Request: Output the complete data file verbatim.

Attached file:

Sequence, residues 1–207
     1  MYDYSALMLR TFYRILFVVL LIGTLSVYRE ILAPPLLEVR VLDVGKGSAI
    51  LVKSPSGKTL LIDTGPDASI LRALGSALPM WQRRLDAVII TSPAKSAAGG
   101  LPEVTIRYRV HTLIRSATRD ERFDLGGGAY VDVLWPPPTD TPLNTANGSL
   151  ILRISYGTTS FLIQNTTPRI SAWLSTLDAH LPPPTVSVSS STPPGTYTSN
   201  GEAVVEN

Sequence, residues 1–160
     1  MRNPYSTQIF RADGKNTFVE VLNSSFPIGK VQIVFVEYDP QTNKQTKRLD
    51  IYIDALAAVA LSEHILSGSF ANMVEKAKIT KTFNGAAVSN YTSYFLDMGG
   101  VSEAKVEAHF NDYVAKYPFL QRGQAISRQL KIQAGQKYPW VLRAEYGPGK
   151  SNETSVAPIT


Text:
Sequence, residues 1–207
     1  MYDYSALMLR TFYRILFVVL LIGTLSVYRE ILAPPLLEVR VLDVGKGSAI
    51  LVKSPSGKTL LIDTGPDASI LRALGSALPM WQRRLDAVII TSPAKSAAGG
   101  LPEVTIRYRV HTLIRSATRD ERFDLGGGAY VDVLWPPPTD TPLNTANGSL
   151  ILRISYGTTS FLIQNTTPRI SAWLSTLDAH LPPPTVSVSS STPPGTYTSN
   201  GEAVVEN

Sequence, residues 1–160
     1  MRNPYSTQIF RADGKNTFVE VLNSSFPIGK VQIVFVEYDP QTNKQTKRLD
    51  IYIDALAAVA LSEHILSGSF ANMVEKAKIT KTFNGAAVSN YTSYFLDMGG
   101  VSEAKVEAHF NDYVAKYPFL QRGQAISRQL KIQAGQKYPW VLRAEYGPGK
   151  SNETSVAPIT